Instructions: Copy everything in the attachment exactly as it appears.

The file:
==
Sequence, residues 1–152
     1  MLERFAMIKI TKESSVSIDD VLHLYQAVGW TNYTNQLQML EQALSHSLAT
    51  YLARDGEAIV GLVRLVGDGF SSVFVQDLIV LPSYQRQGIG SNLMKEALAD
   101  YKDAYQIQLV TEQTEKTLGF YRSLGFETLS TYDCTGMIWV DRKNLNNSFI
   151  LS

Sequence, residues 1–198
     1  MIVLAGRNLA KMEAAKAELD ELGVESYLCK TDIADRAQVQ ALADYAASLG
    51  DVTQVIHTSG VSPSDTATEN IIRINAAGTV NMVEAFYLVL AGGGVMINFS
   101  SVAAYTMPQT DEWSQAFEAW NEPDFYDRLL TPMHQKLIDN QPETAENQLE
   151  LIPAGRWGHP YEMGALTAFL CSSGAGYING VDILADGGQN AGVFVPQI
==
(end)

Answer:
Sequence, residues 1–152
     1  MLERFAMIKI TKESSVSIDD VLHLYQAVGW TNYTNQLQML EQALSHSLAT
    51  YLARDGEAIV GLVRLVGDGF SSVFVQDLIV LPSYQRQGIG SNLMKEALAD
   101  YKDAYQIQLV TEQTEKTLGF YRSLGFETLS TYDCTGMIWV DRKNLNNSFI
   151  LS

Sequence, residues 1–198
     1  MIVLAGRNLA KMEAAKAELD ELGVESYLCK TDIADRAQVQ ALADYAASLG
    51  DVTQVIHTSG VSPSDTATEN IIRINAAGTV NMVEAFYLVL AGGGVMINFS
   101  SVAAYTMPQT DEWSQAFEAW NEPDFYDRLL TPMHQKLIDN QPETAENQLE
   151  LIPAGRWGHP YEMGALTAFL CSSGAGYING VDILADGGQN AGVFVPQI